There are some hard truths that you will learn once you start working in colonial costume. Some are fun, some are weird, some are just downright bizarre. But working in full colonial get up is something that very few people can say that they’ve done. And even fewer can say that they’ve enjoyed.
You will use your apron for everything
Aprons are meant to mainly be decoration on your costume. But like our colonial predecessors, when you work in said costume, you will find yourself using your apron for just about everything. When you need to carry lots of items, it becomes a basket. When you want to have a different look to your outfit, it becomes a fashion accessory. When you want to dust off the register, it becomes a swiffer pad. And when you don’t have a tissue and it’s a goddamn emergency, it doubles as a Kleenex.
You will have to listen to tourists complaining about the heat
When I was a hostess at Chowning’s Tavern and Christiana Campbell’s Tavern, I often worked outside on the porch. In the Virginian heat. In an abbreviated costume that still required socks that go up to your knees. It never failed that some annoying guest would come up and complain about having to wait outside for dinner in the heat. At the time, I would be fully covered and sweating like a pig, observing this person in shorts and a tank top complaining about the weather.
You will have to lace up your own stays
Back in the colonial days women lived at home until they were married, then they settled down to pop out kids. So they never really lived alone. So they always had someone to help them get into their underwear. Unfortunately, this is not always how it works in the modern era. Eventually, you will find yourself alone and seeking desperate measures to get your stays on by yourself. When I went to the Costume Design Center and told them that I needed help, they suggested that I get dressed at work and get one of my co-workers to help me get into my stays. Which, my co-workers are awesome, but they’re not that awesome. I need to be able to get dressed by myself. Like a real adult.
You will go to the grocery store in costume
There comes a time when, for whatever reason, you can’t get home and change. You end up going to the grocery store, going out to eat, going to the doctor, going on a date, or doing something outside of Colonial Williamsburg while still in costume. Without the context of the colonial setting, you look just plain weird. People will stare, children will point, and you will just get on with your life. Because this is just something that happens to you when you work in costume.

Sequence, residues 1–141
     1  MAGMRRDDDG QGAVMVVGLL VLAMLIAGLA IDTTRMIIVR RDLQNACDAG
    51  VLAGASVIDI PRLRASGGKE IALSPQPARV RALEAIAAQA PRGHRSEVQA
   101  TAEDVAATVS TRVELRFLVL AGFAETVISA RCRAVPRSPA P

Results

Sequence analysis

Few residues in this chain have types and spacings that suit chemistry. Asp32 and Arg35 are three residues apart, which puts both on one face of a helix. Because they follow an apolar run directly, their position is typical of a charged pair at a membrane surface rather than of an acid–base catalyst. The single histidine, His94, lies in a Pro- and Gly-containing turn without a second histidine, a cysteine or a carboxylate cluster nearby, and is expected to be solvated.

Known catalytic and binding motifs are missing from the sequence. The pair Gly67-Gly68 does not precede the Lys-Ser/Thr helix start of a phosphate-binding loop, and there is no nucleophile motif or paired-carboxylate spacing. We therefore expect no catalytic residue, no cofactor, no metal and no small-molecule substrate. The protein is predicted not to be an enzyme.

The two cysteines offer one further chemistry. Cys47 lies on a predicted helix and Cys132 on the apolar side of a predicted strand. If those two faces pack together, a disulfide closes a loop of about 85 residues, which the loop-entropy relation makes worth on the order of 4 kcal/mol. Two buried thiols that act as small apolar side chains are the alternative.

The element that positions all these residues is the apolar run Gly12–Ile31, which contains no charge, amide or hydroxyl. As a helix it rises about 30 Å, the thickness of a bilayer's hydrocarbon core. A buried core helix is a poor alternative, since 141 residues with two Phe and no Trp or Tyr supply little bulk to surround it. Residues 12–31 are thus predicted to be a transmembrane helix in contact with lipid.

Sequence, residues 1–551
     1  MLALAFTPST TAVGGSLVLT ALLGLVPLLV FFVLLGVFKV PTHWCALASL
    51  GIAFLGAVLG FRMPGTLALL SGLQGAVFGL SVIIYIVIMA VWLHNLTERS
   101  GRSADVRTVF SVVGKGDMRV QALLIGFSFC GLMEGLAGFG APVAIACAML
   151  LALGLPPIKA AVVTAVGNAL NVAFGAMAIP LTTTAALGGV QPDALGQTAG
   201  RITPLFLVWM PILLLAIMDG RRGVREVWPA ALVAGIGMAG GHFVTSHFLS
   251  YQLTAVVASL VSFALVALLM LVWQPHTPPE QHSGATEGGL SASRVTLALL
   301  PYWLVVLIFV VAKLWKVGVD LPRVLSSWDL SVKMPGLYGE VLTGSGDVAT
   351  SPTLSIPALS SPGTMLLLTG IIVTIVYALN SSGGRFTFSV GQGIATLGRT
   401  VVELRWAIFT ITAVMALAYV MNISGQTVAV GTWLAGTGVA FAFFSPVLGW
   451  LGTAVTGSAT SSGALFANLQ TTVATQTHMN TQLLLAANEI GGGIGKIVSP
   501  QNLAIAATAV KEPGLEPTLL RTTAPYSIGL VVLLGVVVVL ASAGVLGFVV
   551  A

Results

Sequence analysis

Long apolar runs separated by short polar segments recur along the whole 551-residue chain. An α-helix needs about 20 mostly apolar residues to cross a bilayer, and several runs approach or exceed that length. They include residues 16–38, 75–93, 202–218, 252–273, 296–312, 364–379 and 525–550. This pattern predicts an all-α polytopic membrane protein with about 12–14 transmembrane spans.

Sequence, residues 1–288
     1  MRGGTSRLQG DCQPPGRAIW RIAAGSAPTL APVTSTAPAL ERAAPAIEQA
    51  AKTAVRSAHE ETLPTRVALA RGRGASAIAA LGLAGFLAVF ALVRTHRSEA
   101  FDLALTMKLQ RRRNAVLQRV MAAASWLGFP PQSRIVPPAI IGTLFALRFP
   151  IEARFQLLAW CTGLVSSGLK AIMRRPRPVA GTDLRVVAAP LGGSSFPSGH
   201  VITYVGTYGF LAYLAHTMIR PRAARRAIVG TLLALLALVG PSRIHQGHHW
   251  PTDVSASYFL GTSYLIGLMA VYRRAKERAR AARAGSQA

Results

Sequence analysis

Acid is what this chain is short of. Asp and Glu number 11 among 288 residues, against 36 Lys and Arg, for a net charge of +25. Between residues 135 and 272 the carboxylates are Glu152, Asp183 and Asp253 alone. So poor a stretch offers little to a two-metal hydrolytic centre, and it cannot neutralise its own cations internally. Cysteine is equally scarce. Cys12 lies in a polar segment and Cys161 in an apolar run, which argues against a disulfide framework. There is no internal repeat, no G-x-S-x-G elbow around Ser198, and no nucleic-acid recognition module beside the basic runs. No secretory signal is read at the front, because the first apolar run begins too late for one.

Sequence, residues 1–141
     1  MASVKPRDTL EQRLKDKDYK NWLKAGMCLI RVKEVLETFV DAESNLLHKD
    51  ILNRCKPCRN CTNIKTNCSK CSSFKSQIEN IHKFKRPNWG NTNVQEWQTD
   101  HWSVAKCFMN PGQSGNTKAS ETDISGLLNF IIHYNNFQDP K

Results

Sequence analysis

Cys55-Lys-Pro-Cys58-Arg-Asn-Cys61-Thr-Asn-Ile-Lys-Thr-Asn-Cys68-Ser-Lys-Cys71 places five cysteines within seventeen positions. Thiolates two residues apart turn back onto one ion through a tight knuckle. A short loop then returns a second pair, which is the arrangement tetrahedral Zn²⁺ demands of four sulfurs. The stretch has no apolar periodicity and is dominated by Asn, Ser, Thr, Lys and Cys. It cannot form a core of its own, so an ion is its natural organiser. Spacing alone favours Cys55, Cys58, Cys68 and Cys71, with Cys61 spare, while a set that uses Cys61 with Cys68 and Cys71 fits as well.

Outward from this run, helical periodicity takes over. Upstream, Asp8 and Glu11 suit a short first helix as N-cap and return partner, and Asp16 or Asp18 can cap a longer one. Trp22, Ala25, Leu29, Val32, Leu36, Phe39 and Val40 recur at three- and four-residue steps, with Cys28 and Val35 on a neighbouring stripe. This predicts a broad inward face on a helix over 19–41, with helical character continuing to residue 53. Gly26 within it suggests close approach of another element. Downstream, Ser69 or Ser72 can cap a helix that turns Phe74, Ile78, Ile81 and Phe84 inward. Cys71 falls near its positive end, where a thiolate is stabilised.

People will touch you
When I was working at the taverns, one time I was folding napkins in the hallway with my back turned and a woman came up behind me and started to untie my apron. Feeling that I was being undressed and not at all happy about this, I yelped a bit and whirled around. The woman backed off, looking sheepish and said that she just wanted to see how I was tying my costume. Rob, one of my co-workers, told me that he was working one day when a random woman came up and just started to undo the buttons his waistcoat. She kept going until things were about to get awkward and Rob had to physically stop her.
It’s interesting to people when you’re wearing these costume and in completely authentic period pieces. But then they just get handsy and things get weird. Just because someone is dressed up, doesn’t mean that you get to touch them. Even if they’re wearing something really cool.
If you’re a dude, everyone will assume, at one point, that you’re Ben Franklin
Rob told me that there’s a pervasive theory around the guests at Colonial Williamsburg that if you’re male and wear glasses, no matter your age, your build, your dress, anything, they will ask if you’re Ben Franklin. I work with Mike Thomlinson, who is a Ben Franklin impersonator that puts effort into looking like the man. So when people ask if he’s Ben Franklin, we just laugh and say yes. But for someone thinking that Rob was Ben Franklin, that’s a little more than a stretch. But these are just things that will happen when you work in costume.